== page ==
Whenever you've suffered an injury as a result of a slip and fall on someone else's property in Montana (whether it's residential or commercial property), it might make sense to look into your options for getting compensation for your losses -- especially if it looks like the negligence of the property owner played a part in what happened.
A number of Montana laws will almost certainly affect any lawsuit you decide to file over your slip and fall. Two of the most important of these are the statute of limitations deadline for filing a slip and fall case in Montana's court system, and the state's "comparative negligence" rule, which can limit your right to recover compensation if you bear some amount of responsibility for the accident. Even if you're pretty sure your case will reach a personal injury settlement out of court, you still need to keep these state laws in mind, so read on for the details.
First, a little background: A statute of limitations is a state law that sets a strict time limit on the right to have a lawsuit heard in civil court. Specific time limits vary from state to state, and depending on the kind of case being filed.
Montana Code Annotated section 27-2-204 sets the statute of limitations that will apply to almost all injury lawsuits arising from a slip and fall accident in the state. This law gives you three years to turn to the state’s civil court system for a remedy after any kind of personal injury where someone else is at fault.
What if you only had your personal property damaged as a result of the slip and fall (maybe you broke an expensive watch or phone but were uninjured)? Any lawsuit seeking the repair or replacement of damaged property must be filed within two years of the date of the underlying incident, and that time limit can be found at Montana Code Annotated section 27-2-207.
In either kind of case -- whether the lawsuit is for injury or property damage, or both -- the "clock" starts running on the date of the slip and fall, and the success or failure of your case will most likely turn on whether you can prove that the defendant failed to take reasonable steps to keep the property safe and to prevent your accident. Learn more about premises liability and proving fault for a slip and fall.
The next logical question is, "What happens if I don’t get my lawsuit started before the deadline passes?" In that situation, you can count on the defendant (the property owner) asking the court to dismiss the case, and the court is almost sure to grant the dismissal. That's why it’s so crucial to understand the statute of limitations and abide by the time limit as it applies to your specific situation.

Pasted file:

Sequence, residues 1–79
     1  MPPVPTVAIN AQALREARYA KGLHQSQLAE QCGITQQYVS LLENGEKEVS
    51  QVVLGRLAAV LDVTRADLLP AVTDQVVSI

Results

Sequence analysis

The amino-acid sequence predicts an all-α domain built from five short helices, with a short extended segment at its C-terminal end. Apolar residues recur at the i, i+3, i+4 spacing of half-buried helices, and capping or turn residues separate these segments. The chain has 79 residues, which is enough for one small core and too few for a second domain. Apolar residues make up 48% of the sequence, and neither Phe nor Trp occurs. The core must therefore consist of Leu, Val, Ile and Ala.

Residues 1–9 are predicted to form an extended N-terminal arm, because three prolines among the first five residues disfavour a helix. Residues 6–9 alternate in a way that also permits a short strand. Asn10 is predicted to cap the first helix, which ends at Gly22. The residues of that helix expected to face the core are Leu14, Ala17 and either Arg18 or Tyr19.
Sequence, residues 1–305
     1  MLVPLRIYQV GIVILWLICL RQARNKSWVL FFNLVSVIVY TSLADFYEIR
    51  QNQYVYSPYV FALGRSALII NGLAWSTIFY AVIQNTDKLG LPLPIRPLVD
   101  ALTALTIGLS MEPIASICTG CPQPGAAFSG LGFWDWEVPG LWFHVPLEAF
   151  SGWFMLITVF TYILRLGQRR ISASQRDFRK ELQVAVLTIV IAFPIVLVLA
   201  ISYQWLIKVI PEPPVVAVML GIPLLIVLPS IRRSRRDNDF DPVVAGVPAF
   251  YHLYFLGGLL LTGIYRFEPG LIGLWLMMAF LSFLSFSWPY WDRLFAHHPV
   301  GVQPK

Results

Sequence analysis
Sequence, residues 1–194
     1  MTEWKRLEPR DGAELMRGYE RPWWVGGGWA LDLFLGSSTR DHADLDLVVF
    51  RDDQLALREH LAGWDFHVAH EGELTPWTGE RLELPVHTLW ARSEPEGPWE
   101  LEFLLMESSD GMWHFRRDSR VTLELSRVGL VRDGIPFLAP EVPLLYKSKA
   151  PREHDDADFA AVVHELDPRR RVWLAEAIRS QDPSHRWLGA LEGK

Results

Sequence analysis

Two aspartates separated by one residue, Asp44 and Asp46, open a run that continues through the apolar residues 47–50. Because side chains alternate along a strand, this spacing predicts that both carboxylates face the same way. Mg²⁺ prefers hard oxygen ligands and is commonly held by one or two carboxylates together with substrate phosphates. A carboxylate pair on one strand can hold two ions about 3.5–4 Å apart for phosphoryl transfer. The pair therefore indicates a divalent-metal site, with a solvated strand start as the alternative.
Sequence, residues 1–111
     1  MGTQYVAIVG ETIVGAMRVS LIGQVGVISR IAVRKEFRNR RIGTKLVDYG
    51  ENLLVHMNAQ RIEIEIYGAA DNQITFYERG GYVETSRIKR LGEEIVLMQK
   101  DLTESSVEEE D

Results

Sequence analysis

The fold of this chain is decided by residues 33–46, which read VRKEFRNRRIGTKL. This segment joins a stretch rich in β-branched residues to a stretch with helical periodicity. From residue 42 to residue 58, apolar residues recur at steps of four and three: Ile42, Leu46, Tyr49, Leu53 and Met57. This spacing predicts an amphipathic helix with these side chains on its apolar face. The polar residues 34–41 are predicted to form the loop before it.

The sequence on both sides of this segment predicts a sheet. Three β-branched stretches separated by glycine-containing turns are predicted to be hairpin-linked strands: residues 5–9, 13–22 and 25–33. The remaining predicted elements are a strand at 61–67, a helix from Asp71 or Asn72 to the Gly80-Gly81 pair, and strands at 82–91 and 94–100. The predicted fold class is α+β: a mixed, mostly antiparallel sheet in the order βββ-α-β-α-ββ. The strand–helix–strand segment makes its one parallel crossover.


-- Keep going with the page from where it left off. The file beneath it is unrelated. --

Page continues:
In some rare situations the clock may pause or "toll," giving you more time to get your case started. Talk to a personal injury attorney for the details on these exceptions in Montana.
If you're thinking about making a claim against a property owner for injuries suffered in a slip and fall accident, be prepared to hear the other side argue that you bear some amount of responsibility for what happened. And be prepared to counter this argument, because if it is successful, you could see a significant chunk of your settlement or court award taken away.
Montana Code Annotated section 27-1-702 codifies the concept of shared fault in a personal injury case in the state. This statute says: “Contributory fault does not bar recovery in an action by a person or a person's legal representative to recover tort damages for death of a person or injury to a person or property if the contributory fault was not greater than the fault of the defendant or the combined fault of all defendants and nonparties, but damages allowed must be diminished in proportion to the percentage of fault attributable to the person recovering.”
That’s a lot of legalese. So let’s explain how this statute works in the context of a slip and fall case (and in plain English). Let’s say your slip and fall lawsuit goes to trial. The defendant raises the “contributory fault” defense, arguing that you were seen using your phone right before you fell. The jury agrees, and holds you partly to blame for causing or contributing to your accident. In that situation, you can still get compensation from the property owner, as long as your share of the fault was not larger than theirs. But any damages award you receive will be reduced by a percentage that is in line with the jury’s fault finding.
So, let’s assume the jury finds you 30 percent to blame for your slip and fall, and they set your damages at $20,000. That leaves the property owner on the hook for $14,000 (which is what’s left over of the original $20,000 after your 30 percent share of fault is factored in).
And remember, if you’re found to bear more fault than the property owner (or other defendant), in Montana you can’t recover any compensation at all.
So, what kind of arguments can you expect to hear from the property owner? Some common allegations include:
It's easy to see why it’s crucial to make a strong case against the property owner in your Montana slip and fall case. Learn more about comparative negligence in slip and fall cases.